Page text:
JMI MicroFocus troubleshooting;
Imaging: ISS, Moon, Double Cluster
Posted: 25 October 2015
On my last report I mentioned having an issue with my JMI MicroFocus fine-focus knob. It would not reliably change the focus. Saturday morning, 24 October 2015, I spent about an hour troubleshooting the issue. I removed the JMI MicroFocus from the telescope and checked the operation of the coarse and fine focus knobs. They both operated properly. I reattached the MicroFocus to the telescope focus knob and began experimenting with placement of the MicroFocus on its adapter collar. If the separation was too small the fine focus knob would stop working, and sometimes even the coarse focus knob would stop rotating the telescope focus knob. The same thing happened if the separation was too great. After spending about an hour I finally determined that a separation of 4mm was what was needed for the fine (and coarse) focus to work properly. Apparently over the past four years there had been some movement that changed this distance as I used the MicroFocus. I know I had fiddled with the separation when I discovered a shift in the MicroFocus several sessions ago. Hopefully I now have things back to normal.
Clouds began appearing in the western sky about 90 minutes before sunset on Saturday from another low pressure system approaching the area.
Open: Saturday, 24 October 2015, 1703 MST
Conditions: Mostly clear, clouds in west
First, I updated the ISS TLE for the evening's pass, which would occur about 30 minutes after sunset. I then mounted the D7200 DSLR at the 8" LX200-ACF prime focus + 2X PowerMate. I then began waiting for the waxing gibbous Moon to rise above a tree to the southeast. I would use the Moon as a focus target since no stars were yet visible. 1742 MST: sunset. Slewed to the Moon and checked finderscope alignment; OK. 1747 MST: 20 minutes before the start of the ISS pass. Focused on the Moon and locked the telescope focus. I was now ready for the ISS pass. The clouds in the west would not be a factor, although the bright twilight sky might be.
After the pass started it took a couple of minutes to acquire the ISS, first with the naked eye and then in the finderscope (initial telescope pointing was a little off). Once I got the ISS centered in the finderscope initial tracking was pretty good. But as the ISS approached the North Celestial Pole (NCP) tracking went berserk (as it usually does when the ISS is near the NCP). I lost the ISS in the telescope for the middle portion of the pass and did not acquire it again until the ISS was into the tree to the southeast. There were a few good frames in the HD video, 1.3X crop factor, 60 fps, 1/1250sec, ISO 5000, but most were very similar. Here are two views of the ISS as acquired Saturday evening:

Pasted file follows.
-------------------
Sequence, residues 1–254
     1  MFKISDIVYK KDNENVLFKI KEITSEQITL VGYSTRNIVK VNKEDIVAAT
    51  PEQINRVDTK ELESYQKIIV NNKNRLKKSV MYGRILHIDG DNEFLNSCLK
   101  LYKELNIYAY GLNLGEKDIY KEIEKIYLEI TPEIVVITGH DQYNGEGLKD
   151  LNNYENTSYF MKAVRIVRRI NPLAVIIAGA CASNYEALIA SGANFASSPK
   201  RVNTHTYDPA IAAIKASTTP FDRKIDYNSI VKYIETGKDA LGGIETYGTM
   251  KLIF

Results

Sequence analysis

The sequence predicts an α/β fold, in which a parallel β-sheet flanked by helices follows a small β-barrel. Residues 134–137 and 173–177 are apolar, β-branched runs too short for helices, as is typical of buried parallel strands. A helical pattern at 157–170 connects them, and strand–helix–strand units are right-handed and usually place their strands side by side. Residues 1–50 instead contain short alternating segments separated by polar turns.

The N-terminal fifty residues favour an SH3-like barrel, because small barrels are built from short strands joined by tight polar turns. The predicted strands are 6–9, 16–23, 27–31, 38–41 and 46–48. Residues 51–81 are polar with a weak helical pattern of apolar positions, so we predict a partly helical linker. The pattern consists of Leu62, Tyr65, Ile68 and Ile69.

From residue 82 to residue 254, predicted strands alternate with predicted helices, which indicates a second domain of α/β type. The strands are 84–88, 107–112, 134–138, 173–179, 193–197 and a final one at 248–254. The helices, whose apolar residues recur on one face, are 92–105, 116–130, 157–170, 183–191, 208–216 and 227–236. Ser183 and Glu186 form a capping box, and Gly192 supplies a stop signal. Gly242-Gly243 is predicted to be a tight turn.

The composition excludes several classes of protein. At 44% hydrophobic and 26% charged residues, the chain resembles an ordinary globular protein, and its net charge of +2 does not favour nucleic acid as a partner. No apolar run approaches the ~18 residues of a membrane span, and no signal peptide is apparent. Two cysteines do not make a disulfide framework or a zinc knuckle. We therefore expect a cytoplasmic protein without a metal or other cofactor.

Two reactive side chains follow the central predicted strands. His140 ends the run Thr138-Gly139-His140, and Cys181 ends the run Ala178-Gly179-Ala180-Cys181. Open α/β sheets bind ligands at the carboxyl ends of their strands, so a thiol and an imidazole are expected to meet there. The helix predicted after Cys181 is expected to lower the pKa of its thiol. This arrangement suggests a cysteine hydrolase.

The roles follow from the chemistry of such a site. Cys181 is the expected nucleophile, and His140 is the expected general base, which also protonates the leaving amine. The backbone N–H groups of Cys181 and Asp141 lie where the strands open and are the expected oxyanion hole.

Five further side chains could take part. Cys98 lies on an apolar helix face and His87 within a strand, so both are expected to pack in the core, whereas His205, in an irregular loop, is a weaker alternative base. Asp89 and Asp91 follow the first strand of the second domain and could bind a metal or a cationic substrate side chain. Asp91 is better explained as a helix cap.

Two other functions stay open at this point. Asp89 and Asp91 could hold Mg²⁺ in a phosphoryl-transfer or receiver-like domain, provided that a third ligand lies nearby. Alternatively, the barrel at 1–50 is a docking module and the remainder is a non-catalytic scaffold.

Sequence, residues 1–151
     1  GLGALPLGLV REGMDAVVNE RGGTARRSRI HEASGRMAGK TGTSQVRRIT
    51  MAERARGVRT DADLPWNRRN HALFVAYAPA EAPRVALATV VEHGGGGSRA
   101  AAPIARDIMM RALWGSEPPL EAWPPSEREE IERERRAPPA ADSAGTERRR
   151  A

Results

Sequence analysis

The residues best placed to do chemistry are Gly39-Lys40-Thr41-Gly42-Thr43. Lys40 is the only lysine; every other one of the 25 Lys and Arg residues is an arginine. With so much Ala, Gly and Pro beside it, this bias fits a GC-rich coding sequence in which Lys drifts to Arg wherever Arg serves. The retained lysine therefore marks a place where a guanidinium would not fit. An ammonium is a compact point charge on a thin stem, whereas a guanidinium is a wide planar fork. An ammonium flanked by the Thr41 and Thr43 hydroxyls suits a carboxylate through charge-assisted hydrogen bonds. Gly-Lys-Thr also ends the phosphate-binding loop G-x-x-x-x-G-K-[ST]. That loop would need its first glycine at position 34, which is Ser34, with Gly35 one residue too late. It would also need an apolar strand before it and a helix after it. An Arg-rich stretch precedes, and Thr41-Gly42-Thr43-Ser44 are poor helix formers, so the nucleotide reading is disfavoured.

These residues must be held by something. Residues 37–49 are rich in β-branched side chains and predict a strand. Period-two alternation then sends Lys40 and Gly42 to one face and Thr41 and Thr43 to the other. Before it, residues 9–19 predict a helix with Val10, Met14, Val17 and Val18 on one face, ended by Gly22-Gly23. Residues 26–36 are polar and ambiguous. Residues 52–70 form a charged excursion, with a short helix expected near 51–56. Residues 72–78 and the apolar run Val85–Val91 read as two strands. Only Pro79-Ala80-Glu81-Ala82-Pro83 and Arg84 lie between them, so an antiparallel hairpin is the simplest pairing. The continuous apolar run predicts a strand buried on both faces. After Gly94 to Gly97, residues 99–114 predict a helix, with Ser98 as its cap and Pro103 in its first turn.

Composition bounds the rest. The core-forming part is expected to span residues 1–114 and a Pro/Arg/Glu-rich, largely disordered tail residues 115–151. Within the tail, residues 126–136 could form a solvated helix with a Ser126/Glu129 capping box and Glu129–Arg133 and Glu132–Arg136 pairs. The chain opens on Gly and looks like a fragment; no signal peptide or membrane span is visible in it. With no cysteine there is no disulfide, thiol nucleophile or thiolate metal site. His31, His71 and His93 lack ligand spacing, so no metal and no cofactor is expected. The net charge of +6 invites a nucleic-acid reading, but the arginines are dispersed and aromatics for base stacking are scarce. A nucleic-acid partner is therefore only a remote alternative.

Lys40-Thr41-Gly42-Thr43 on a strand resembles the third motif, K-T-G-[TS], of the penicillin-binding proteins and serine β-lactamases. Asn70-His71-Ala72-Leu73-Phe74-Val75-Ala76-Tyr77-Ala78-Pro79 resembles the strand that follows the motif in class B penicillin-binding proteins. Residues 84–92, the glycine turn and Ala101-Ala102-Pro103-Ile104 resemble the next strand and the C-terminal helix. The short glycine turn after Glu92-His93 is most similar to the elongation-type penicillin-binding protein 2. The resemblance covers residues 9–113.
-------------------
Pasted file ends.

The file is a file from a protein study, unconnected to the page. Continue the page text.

Not a great pass and certainly not my best images of the ISS.
1820 MST: slewed to the Moon and took the following images, 1/400sec, 1/500sec, and 1/400sec (respectively), ISO 1600:
Removed the Televue 2X PowerMate for this prime focus image of the Moon, 1/400sec, ISO 800:
Removed the DSLR from the telescope and did some lunar observing, 83X. Checked the JMI MicroFocus; it worked perfectly.
Slewed to the star Altair and did an AutoStar SYNC. I had likely slightly messed up the mount position during the daytime when I was troubleshooting the MicroFocus so I figured this realignment would correct any pointing errors for this night.
Slewed to the Double Cluster and did some test images using NightCap Pro on the iPhone 5s (mounted afocally 77X using the Orion SteadyPix). This image was taken with Long Exposure, Light Boost, ISO 8000, 1/2sec, 10 second exposure:
That's a pretty good image of the Double Cluster considering the bright moonlit sky. This is how a live view of the Double Cluster appeared on the Apple Watch using NightCap Pro:
Slewed to the Moon for this iPhone 5s photo (Camera app), afocal 77X:
1910 MST: last look at the Moon, 83X.
Close: Saturday, 24 October 2015, 1921 MST
Session Length: 2h 18m|
Conditions: Mostly clear
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